Tuesday, 6 September 2011


Before he became the well known cartoonist he is today, Frank Boyle spent a short time working in Dundee.
He was a student at Duncan of Jordanstone College of Art from 1970 to 1974, a time when he socialised around the pubs of Hawkhill and Perth Road, often mingling with Skeets Boliver.
From college, he went straight into a job at DC Thomson's where he worked as an illustrator, doing non-cartoon based artwork for the likes of Peoples Friend, Sporting Post, Sunday Post and so on.
Above are 3 examples of his illustrations from his DCT days.
The top 2 feature his portrayal of Dixon Hawke, the detective who appeared each week in the Sporting Post. Some rather nice old-school crosshatching on display there. These 2 are both from 1974.
The bottom example for the Topical Times Football Book is from the same period, with Frank doing the graphic for the ad.
Although he enjoyed the camaraderie of the DCT art dept, he didn't like the thought of being in the same place for 50 years, so he left in 1975 and headed for London.
He actually stayed with a couple of Dundee guys in London, Alan Docherty and Brian Galloway, and so it wasn't too long before Frank found work again, only this time it was with DC Thomson rivals, IPC Magazines!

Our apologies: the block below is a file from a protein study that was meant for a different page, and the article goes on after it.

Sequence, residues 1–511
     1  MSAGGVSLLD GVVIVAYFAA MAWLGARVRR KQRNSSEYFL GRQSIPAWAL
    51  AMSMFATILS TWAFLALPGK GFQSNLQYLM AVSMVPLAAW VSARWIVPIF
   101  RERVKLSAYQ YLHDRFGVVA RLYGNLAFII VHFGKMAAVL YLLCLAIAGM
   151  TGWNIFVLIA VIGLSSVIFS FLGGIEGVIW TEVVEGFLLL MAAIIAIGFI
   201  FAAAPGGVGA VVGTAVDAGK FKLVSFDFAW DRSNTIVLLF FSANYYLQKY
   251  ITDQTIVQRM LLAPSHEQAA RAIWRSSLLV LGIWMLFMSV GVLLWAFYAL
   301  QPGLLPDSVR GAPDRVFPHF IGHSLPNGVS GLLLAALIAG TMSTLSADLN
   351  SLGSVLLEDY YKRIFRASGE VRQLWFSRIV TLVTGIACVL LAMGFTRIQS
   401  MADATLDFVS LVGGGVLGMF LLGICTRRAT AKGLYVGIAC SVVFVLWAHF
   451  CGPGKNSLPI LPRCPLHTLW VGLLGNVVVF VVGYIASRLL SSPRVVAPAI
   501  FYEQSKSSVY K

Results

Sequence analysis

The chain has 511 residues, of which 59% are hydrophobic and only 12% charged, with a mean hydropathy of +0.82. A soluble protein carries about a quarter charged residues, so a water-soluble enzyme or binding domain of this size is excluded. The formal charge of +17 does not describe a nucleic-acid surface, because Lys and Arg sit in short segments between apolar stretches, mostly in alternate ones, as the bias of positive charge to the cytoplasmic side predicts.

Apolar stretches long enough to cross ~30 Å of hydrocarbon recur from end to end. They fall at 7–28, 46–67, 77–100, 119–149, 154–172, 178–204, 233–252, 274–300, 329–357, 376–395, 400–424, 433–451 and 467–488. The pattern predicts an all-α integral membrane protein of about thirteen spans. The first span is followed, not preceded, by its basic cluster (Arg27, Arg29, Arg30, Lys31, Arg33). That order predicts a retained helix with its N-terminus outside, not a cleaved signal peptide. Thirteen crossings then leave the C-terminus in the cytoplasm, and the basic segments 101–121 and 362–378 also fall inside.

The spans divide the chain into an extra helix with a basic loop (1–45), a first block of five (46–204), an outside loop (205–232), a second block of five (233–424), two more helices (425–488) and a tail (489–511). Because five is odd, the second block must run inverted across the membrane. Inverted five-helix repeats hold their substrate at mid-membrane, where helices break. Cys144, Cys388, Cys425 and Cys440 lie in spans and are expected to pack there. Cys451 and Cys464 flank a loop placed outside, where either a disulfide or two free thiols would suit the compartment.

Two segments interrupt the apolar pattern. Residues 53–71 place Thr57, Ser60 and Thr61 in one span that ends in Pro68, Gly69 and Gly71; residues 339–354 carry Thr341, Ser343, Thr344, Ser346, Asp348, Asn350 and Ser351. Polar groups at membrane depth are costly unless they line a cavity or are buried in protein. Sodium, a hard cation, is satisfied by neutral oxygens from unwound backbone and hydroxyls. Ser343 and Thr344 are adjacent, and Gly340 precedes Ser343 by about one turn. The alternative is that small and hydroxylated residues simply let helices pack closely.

In the early 80's, he was becoming more politicised and that's when he began drawing topical cartoons, with his work being published in mags such as Labour Weekly and New Statesman.
In the late 80's he returned to Scotland and continued his political cartooning with Glasgow Herald, Scotland On Sunday and Edinburgh Evening News.
Check out Franks website for a fuller and more detailed biog, and also find out what he's been up to after the 80's - such as dabbling in stand-up comedy, his cartoons appearing in a movie, being Cartoonist Of The Year...twice, with plenty of books and exhibitions along the way!
Here's the link -

Big thanks to Frank.


  1. Thinking back now it amazes me that a newspaper could be produced after the final whistle at Dens or Tannadice and be sold or delivered two or three hours later.
    I always grabbed the SP as soon as Dad had finished to read Dixon Hawke - anyone know who wrote them and were they exclusive to the SP or syndicated?

    1. Horror writer Guy N Smith wrote several of these including the bird in the hand above between 1971-77 and 1996-7. I have been trying to track the originals but with no joy

  2. I haven't done any research on the Dixon Hawke stories, but I have a couple of Sporting Posts at home, one from 1962 and the other 1988 and he crops up in both!
    I think the stories may have stopped when the Sporting Post went colour!

  3. http://www.philsp.com/homeville/CrFi/i0012.htm

    I sleuthed this.

    Hoops McCann

  4. Cheers Hoops - good sleuthing indeed.

  5. I think i was going for a "film noir" look in these drawings.The Sporting Post was odd in that all the football reports were written in the present tense.The headline writers loved alliteration, "Dandy Dons crack Killie curtain" is one that I recall.

    1. That's unbelievable. I read, and delivered for a couple of years, The Sporting Post from a young boy till it stopped and only now it makes sense why it was different. The present tense. :) Cheers Frank.

  6. Dixon Hawke, just for info, is back DCT have published two new collections. Well, not new, old stories.